After putting these on and starting to listen to some tunes, listeners will notice the PortaPro’s incredible attention to detail.  After turning one of my good friends on to this headphone, he commented to me, “I can hear things that I’ve never heard before.”  The PortaPros are able to create a wonderfully realistic stereo image, separating individual instruments and voices while still maintaining great balance, compared to other more expensive headphones.  Perhaps unparalleled in this price range, the PortaPros feature outstanding range with great midrange, detailed treble, and a really warm thick blanketing layer of bass.  These are not like your typical Beats by Dre quaking skull pounders but they provide ample amounts of warm tone over obscene low end assaults (new post topic?).

If all that doesn’t sound attractive to you, maybe this will: the low price.  When I first purchased the PortaPros, they set me back only 20 bucks.  However, probably around 2011 it seems they shot up in popularity and the price increased to around $50.00.  Still worth it in my opinion but currently they sell on Amazon for $24.99!  I don’t know if this is a limited time offer or if the price has just fallen but I would definitely recommend the PortaPros.  Perfect stocking stuffer for others and yourself!

I hope to post more soon, I’m almost done with school for the semester!  I have much I’d like to share and my currently listening to section is very dated… Some surprising and interesting new selections now!

Without Further Ado: Introduction and The Music of Khusugtun

From my about section and an introduction to the purpose of this blog:

It was recently suggested to me that I start a blog as a way to practice expressing my thoughts and such. In the past I tried starting things like this but quickly deleted them out of insecurities.  I was very self conscious about how others would view my writing and the content. This is very indicative of other aspects of my life. Little by little I am working towards being more confident and losing that fear of how others view me. Part of those first steps are this blog. Through it, I hope to regain the confidence and build up the self-esteem that I once had as a musician, and hopefully have those qualities transfer over to other parts of my life.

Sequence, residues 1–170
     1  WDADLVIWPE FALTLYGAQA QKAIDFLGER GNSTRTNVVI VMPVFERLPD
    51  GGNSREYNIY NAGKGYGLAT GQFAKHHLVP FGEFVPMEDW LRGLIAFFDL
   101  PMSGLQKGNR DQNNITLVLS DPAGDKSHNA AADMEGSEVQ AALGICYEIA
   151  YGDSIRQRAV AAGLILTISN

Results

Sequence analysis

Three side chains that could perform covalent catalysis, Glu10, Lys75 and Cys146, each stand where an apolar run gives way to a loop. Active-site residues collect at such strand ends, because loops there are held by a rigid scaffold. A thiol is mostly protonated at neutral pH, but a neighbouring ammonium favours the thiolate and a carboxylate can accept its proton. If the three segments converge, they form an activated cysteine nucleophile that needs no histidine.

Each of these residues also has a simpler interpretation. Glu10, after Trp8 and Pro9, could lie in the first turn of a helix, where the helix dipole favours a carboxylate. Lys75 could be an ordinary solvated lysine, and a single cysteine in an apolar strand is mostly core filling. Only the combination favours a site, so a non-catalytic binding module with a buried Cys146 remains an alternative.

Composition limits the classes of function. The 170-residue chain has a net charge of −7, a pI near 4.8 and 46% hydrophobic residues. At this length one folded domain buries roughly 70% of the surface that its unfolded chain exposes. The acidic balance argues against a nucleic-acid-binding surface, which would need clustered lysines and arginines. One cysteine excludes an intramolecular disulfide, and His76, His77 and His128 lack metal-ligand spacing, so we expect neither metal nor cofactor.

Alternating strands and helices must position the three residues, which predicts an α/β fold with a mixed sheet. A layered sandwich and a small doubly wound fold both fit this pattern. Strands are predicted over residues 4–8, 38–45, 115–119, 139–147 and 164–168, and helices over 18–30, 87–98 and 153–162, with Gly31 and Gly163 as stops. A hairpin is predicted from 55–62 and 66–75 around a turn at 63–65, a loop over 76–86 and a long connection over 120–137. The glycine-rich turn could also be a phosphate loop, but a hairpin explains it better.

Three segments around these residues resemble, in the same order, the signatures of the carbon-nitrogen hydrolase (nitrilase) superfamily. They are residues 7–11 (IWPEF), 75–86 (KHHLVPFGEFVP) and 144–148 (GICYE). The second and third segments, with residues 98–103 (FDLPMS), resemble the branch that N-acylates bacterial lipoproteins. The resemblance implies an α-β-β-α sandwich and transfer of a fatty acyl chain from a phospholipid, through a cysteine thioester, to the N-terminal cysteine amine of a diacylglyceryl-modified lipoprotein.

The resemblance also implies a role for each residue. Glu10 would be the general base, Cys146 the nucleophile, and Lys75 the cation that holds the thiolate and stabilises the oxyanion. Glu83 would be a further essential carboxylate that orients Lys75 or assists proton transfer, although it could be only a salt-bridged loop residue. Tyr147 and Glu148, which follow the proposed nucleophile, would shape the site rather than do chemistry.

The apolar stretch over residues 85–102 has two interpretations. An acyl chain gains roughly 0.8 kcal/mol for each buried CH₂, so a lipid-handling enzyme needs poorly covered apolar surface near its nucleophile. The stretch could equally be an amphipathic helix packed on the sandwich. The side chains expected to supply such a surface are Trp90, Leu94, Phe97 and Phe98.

As for what I will be writing about, it will probably vary, but I’d like to articulately give you an idea:

I like music.

Prolly going to write about it in some way.

Cause I like it.

And stuff.

Now onto the stuff.

I would like to dedicate this first real post to my friend, who I will refer to as M.  M has remained a very close friend of mine through difficult trials and encouraged my decision to create this blog.  M recently traveled to Mongolia this past summer and I have been waiting very long to finally share this with them and anyone who will listen.

As with many of my musical discoveries, I first found Khusugtun through aimless browsing of YouTube.  I can’t remember the exact circumstances but I know that once I heard them, I was captivated.  Khusugtun, an ensemble from Mongolia, utilizes traditional stringed instruments, the morin khuur (horse headed fiddle), ikh khurr (a bass morin khuur), and the yoochin (dulcimer like) and pairs them with an African djembé. The mixture already produces a richly balanced blend of tones driven rhythmically by the djembé, however, arguably the most compelling factor of Khusugtun’s performance is their employment of overtone and throat singing.

In my experience with overtones, I slaved for hours to produce them on the saxophone, exercising my range.  In larger ensembles it’s always a pleasure to hear overtones as a product of tight and precise intonation within the group. Never did I imagine hearing the sounds I heard from Khusugtun being produced by the human voice. It was also surprising to see how prominent it was.  I could see how in other musics this could be a fun little gimmick but with this music, the throat singing and overtone techniques take center stage.

The basic premise of overtone singing, or “thin whistling overtone singing” as it’s referred to in the accompanying video, is to produce two tones at once with the voice. From my understanding, this is done by manipulating the air that travels across the vocal cords from the lungs.  The result is both a higher pitched melodic drone, that resembles a heavily effects laden stringed instrument, along with a bottom bass voice that really complements the upper quite nicely.  When added to the rest of the ensemble, the eclectic blend of sounds conjures up images of the vast Mongolian landscape and its unique culture, just as the music of classic American Western films paints adventures in the old country.

While all of the more traditional instruments play a huge part in acting rhythmically, it’s interesting to note how the morin khuur is used more for its texture. The timbre of the instrument suggests it could carry the main melodies but that role is reserved primarily for the yoochin and of the course, the voice. What types of interesting things do you notice?

Take a listen: (I’ve added particular times and notes to share)

3:38- Music starts- Tes Golyn magtaal

  • Praise for the river Tes
  • The beggining throat singing is almost chant-like but the introduction of another overtone voice adds another melodic layer.

5:34- Toroi Bandi

  • Story of a Mongolian hero that stole cattle from the rich and gave them to the poor.
  • Also notice the orcehstral musician in the background finally smile at 8:23.

9:37 Mongol

  • Composed more recently, praises the Mongol people’s history
  • Accelerando at 11:10 powerfully driven by djembé and ikh khuur